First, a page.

From Mol to Antwerpen Centraal behind another 62xx diesel – these appear to work push pull. Antwerpen Centraal like St Pancras x 2 – magnificent with gilded stonework, moulded ceiling and all the business. A quick digression for chicken McWhatevers then on to Brussel and Charleroi Sud. Uneventful journey but interesting to see so much heavy industry around Charleroi. It looks as if there was more once – certainly mining seems to have ceased. Serendipity in charge at Charleroi as the next tram to La Louvière was in 5 minutes. And what a tram. As far as the Charleroi PTE boundary it is very much à la Metrolink but without any street running. Strange antics at Les Arts where the tram runs round a loop à la Stiege. All the street sections in Charleroi have ben replaced by reserved alignment, viaduct, tunnel etc at vast expense. But once out of Charleroi, a wondeful combination of street tramway (particularly in Binche), rural ‘interurban’ and traditional Belgian roadside tramway. Faultless and unmissable. The local back from La Louvière Central to Charleroi was an anticlimax.
On to Jemeppe in the hope that info from SNCB/NMBS London re non running of trains to Gembloux was duff. It was. Furthermore I arrived with 30 mins before last of the day so feeling faint, repaired to the hostelry over the road for a Verboden Vrucht/Fruit Défendu. Unfortunately I noticed after ordering the VV that they served Rochefort. Nonetheless a quiet moment to savour. Final serious grice of the day was the 1714 Jemeppe (where it reverses so you can’t do the main line connection, dammit) to Gembloux. [I did do it, years later]. A dull if picturesque little electrified double line enlivened by posters saying ‘my train, my station is also my liberty’. Emotive stuff for an anti-closure campaign. EMU was losing so much air it’s a wonder the brakes worked. Or do they? Watch this space…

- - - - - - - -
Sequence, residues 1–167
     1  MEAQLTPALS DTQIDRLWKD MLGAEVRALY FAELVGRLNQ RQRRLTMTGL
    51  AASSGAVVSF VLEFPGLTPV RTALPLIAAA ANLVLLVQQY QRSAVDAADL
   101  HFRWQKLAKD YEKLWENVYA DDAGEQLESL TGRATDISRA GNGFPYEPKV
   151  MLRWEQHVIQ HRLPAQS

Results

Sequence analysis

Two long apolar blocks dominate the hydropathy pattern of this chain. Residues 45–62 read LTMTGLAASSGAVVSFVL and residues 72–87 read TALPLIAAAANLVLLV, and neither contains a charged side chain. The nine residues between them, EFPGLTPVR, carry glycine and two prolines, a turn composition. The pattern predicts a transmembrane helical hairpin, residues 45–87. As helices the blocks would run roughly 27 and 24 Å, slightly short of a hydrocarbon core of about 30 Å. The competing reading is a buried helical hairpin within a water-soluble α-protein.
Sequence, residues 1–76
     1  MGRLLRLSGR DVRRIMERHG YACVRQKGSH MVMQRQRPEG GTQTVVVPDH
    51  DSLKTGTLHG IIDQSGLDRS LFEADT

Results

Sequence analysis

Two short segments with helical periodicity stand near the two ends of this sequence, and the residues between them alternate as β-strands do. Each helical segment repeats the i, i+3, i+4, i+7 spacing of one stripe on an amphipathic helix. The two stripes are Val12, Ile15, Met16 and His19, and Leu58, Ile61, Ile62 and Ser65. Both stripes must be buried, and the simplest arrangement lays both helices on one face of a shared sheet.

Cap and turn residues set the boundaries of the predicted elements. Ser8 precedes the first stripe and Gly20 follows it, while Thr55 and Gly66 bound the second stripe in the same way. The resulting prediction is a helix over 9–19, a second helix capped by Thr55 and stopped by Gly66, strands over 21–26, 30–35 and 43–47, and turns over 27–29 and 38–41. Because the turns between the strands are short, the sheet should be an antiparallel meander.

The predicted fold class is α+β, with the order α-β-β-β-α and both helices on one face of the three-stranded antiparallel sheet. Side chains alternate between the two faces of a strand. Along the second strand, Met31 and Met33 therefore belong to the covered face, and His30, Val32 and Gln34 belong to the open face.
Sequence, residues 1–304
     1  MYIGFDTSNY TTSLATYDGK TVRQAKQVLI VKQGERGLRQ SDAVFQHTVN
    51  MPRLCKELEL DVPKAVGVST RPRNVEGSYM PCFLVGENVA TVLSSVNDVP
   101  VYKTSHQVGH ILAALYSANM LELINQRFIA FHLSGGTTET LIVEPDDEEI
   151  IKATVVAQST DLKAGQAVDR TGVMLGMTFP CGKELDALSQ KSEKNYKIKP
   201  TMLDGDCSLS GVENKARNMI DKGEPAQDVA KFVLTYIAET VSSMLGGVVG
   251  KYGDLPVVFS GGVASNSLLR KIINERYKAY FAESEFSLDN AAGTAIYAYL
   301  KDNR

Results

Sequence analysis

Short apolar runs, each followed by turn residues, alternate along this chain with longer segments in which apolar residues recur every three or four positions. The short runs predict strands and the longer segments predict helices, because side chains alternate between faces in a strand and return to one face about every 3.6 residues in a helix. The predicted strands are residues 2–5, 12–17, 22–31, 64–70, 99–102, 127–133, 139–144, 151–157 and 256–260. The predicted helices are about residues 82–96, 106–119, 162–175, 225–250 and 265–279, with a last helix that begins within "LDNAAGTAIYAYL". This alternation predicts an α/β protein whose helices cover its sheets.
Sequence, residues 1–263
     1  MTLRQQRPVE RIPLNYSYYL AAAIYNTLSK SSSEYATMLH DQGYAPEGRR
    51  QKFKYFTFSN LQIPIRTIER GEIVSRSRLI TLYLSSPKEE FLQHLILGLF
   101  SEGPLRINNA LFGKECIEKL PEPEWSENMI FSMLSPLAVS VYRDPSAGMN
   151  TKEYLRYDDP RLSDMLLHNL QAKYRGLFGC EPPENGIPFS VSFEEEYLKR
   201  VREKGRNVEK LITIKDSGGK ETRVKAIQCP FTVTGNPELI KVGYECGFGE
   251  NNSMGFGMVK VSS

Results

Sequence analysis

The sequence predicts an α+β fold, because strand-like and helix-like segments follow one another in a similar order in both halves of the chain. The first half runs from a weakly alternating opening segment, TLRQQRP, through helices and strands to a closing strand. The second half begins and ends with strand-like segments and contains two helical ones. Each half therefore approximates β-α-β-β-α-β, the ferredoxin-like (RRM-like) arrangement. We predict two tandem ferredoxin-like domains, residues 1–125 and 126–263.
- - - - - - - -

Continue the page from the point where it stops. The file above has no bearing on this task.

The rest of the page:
They did. BLS member spotted doing high speed phots at Gembloux. Purchased vital supplies for Sunday’s railtour (2 x Duvel, 2 x Orval) then at last to the hot and packed to standing (got the last seat fortunately) 1807 to Luxembourg. This was somewhat late, and enlivened by a thunderstorm at Arlon which turned the sky almost black. Hotel Dauphin successfully located in Luxembourg despite incorrect directions.
Much refreshed by 9 hours’ kip, off to Libramont with two other BLS members. A third joined for the Bastogne Nord branch which is to close 23.5.93 due to track condition. After the first mile or so the track is very poor with rotting sleepers. Train crew very hospitable resulting in cab ride from Bastogne to Libramont. Guard informed us that SNCB intended to continue with timber traffic for a year. Bastogne Nord proved reasonably photogenic complete with buffer stops and line continuing beyond, towards Liège. From Bastogne the train runs through to Virton albeit with a long delay waiting connection from Dinant at Bertrix.